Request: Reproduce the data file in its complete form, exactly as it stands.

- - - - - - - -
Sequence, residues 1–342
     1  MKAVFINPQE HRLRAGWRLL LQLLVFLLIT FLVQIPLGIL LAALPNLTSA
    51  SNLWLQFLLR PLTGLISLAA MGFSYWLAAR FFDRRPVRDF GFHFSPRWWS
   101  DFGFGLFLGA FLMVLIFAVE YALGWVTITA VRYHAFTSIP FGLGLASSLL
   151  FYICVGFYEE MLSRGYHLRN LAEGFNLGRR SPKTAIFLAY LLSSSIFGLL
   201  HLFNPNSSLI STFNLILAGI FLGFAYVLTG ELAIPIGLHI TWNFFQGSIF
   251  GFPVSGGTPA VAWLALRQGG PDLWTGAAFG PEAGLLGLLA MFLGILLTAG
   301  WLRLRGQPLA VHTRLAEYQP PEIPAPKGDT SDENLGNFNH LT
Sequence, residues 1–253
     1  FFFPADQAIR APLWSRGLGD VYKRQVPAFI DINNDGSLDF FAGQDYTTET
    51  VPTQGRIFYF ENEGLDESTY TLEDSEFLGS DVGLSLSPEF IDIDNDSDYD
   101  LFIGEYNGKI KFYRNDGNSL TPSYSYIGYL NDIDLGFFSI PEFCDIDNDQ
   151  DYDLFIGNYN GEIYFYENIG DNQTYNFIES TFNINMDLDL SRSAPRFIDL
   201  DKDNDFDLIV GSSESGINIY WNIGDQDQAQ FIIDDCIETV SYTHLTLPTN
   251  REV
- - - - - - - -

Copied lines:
Sequence, residues 1–342
     1  MKAVFINPQE HRLRAGWRLL LQLLVFLLIT FLVQIPLGIL LAALPNLTSA
    51  SNLWLQFLLR PLTGLISLAA MGFSYWLAAR FFDRRPVRDF GFHFSPRWWS
   101  DFGFGLFLGA FLMVLIFAVE YALGWVTITA VRYHAFTSIP FGLGLASSLL
   151  FYICVGFYEE MLSRGYHLRN LAEGFNLGRR SPKTAIFLAY LLSSSIFGLL
   201  HLFNPNSSLI STFNLILAGI FLGFAYVLTG ELAIPIGLHI TWNFFQGSIF
   251  GFPVSGGTPA VAWLALRQGG PDLWTGAAFG PEAGLLGLLA MFLGILLTAG
   301  WLRLRGQPLA VHTRLAEYQP PEIPAPKGDT SDENLGNFNH LT
Sequence, residues 1–253
     1  FFFPADQAIR APLWSRGLGD VYKRQVPAFI DINNDGSLDF FAGQDYTTET
    51  VPTQGRIFYF ENEGLDESTY TLEDSEFLGS DVGLSLSPEF IDIDNDSDYD
   101  LFIGEYNGKI KFYRNDGNSL TPSYSYIGYL NDIDLGFFSI PEFCDIDNDQ
   151  DYDLFIGNYN GEIYFYENIG DNQTYNFIES TFNINMDLDL SRSAPRFIDL
   201  DKDNDFDLIV GSSESGINIY WNIGDQDQAQ FIIDDCIETV SYTHLTLPTN
   251  REV